(Dkt. 31 at 11.) Thus, the Court will grant Joe Hand’s request for entry of default judgment.
Second, Joe Hand’s state law conversion claim is not viable. See Joe Hand Promotions, Inc. v.
Hurley, 2011 WL 6727989, at *2 (S.D. Ill. Dec. 21, 2011) (plaintiff cannot assert a state law
claim for conversion in addition to stating claims under § 553 and § 605 damages) (citing Joe
Hand Promotions, Inc. v. Lynch, 2011 WL 5386358, at *3-5 (N.D. Ill. Nov. 7, 2011)); see also
Time Warner Cable of New York City v. Googies Luncheonette, Inc., 77 F. Supp. 2d 485, 491
(S.D.N.Y. 1999) (denying plaintiff relief for claims under New York law, as granting separate
relief under these laws would “violate the general principle that precludes double recovery”).
Although these cases apply Illinois and New York law, the Court finds their reasoning sound.
Moreover, the scant Indiana authority found by the Court also calls into doubt the viability of
Plaintiff’s conversion claim. See DirecTV, Inc. v. Beecher, 296 F. Supp. 2d 937, 944 (S.D. Ind.
2003) (“DirecTV’s claims for theft and conversion of satellite broadcasts are preempted.”).
Turning to the federal claims, Joe Hand alleges violations of 47 U.S.C. §§ 553 and 605.
Joe Hand is not allowed to simultaneously pursue relief under both statutes because they target
two distinct types of piracy. See J & J Sports Productions, Inc. v. Aguilera, 2010 WL 2362189,
*2 (N.D. Ill. June 11, 2010). Basically, § 553 applies to cable transmissions, while § 605 applies
to satellite transmissions. Obviously, given the procedural posture of this case, Joe Hand cannot,
and need not, conduct discovery to figure out how Defendants illegally broadcasted the fight.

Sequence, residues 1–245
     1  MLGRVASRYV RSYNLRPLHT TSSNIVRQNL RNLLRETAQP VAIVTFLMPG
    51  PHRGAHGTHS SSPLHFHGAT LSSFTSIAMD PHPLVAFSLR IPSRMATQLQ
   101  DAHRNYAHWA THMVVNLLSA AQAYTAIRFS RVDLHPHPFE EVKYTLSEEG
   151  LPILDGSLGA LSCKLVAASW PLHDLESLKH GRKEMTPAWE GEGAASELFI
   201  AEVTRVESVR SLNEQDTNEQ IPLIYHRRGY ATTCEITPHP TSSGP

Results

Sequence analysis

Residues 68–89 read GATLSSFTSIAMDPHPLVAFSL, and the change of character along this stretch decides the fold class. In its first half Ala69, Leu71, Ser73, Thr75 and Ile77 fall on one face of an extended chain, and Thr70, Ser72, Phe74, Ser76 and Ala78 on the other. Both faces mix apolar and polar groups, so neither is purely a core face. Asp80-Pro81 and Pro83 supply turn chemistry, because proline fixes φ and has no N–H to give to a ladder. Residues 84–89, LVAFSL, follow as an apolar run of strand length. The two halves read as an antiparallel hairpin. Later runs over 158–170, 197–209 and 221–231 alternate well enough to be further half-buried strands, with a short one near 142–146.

Therefore, neither the Court nor Joe Hand can pinpoint which statute should be applied. Where,
as here, Joe Hand cannot isolate the precise means of piracy employed by Defendants, the Court
will accept Joe Hand’s request to proceed under § 605. See Aguilera, 2010 WL 2363189, at *2.
Under § 605(a), a plaintiff may elect actual damages or statutory damages. See 47 U.S.C.
§ 605(e)(3)(C)(i)(I)-(II). Courts have discretion to award statutory damages ranging from a
minimum of $1,000.00 to a maximum of $10,000.00. Id. Here, Joe Hand requests a statutory
damages award of $10,000.00. Courts need not abide by a rigid formula when setting statutory
damages. Some courts use a formula based on the number of patrons present; others award a flat
sum per violation. Compare Time Warner Cable v. Taco Rapido Rest., 988 F. Supp. 107, 111
(E.D.N.Y. 1997) (awarding a statutory damages award of $50.00 per patron) with Kingvision
Pay-Per-View Ltd. v. Gadson, 2007 WL 2746780, at *2-3 (M.D.N.C. Sept. 18, 2007) (awarding
$10,000.00 in statutory damages). Given that relatively few patrons (10-15) watched the fight,
Joe Hand urges the Court to adopt the “flat-sum” approach. The Court will heed this request.
After all, sub-licensing fees are typically based on the occupancy of the establishment; thus,
calculating statutory damages using the actual number of patrons typically understates damages.
Nonetheless, for the reasons set out above – including Kilgore Sports Bar’s precarious
financial state – the Court in its discretion will award the minimum of $1,000.00. This statutory
damages calculation also aligns with common sense, as only 15 people watched the fight. If each
person purchased the fight from the comfort of their own home at a cost of $50.00 per person,
Joe Hand would have received $750.00 in total revenue. Accordingly, a $1,000.00 statutory
damages award is appropriate.
Joe Hand also seeks enhanced damages for willful violations under Section
605(e)(3)(C)(ii). That section permits enhanced damages of up to $100,000.00, in the discretion
of the Court, where the defendant has exhibited disregard for the governing statute and
indifference to its requirements. With respect to enhanced damages, the evidence submitted to
the Court indicates knowing and willful behavior. Although Mr. Abrell did not charge a cover or
advertise the event, he illegally showed the fight; in doing so, he perhaps bolstered Kilgore
Sports Bar’s reputation as a place to watch highly-anticipated fights.
In considering how much to award in enhanced damages, courts look to a range of
factors, including: (1) the number of violations; (2) defendant’s unlawful monetary gains; (3)
plaintiff’s actual damages; (4) whether defendant advertised for the event; and (5) whether
defendant collected a cover charge on the night of the event. Kingvision Pay-Per-View, Ltd. v.
Rodriguez, 2003 WL 548891, at *2 (S.D.N.Y.
Feb. 25, 2003).
Every factor cuts in the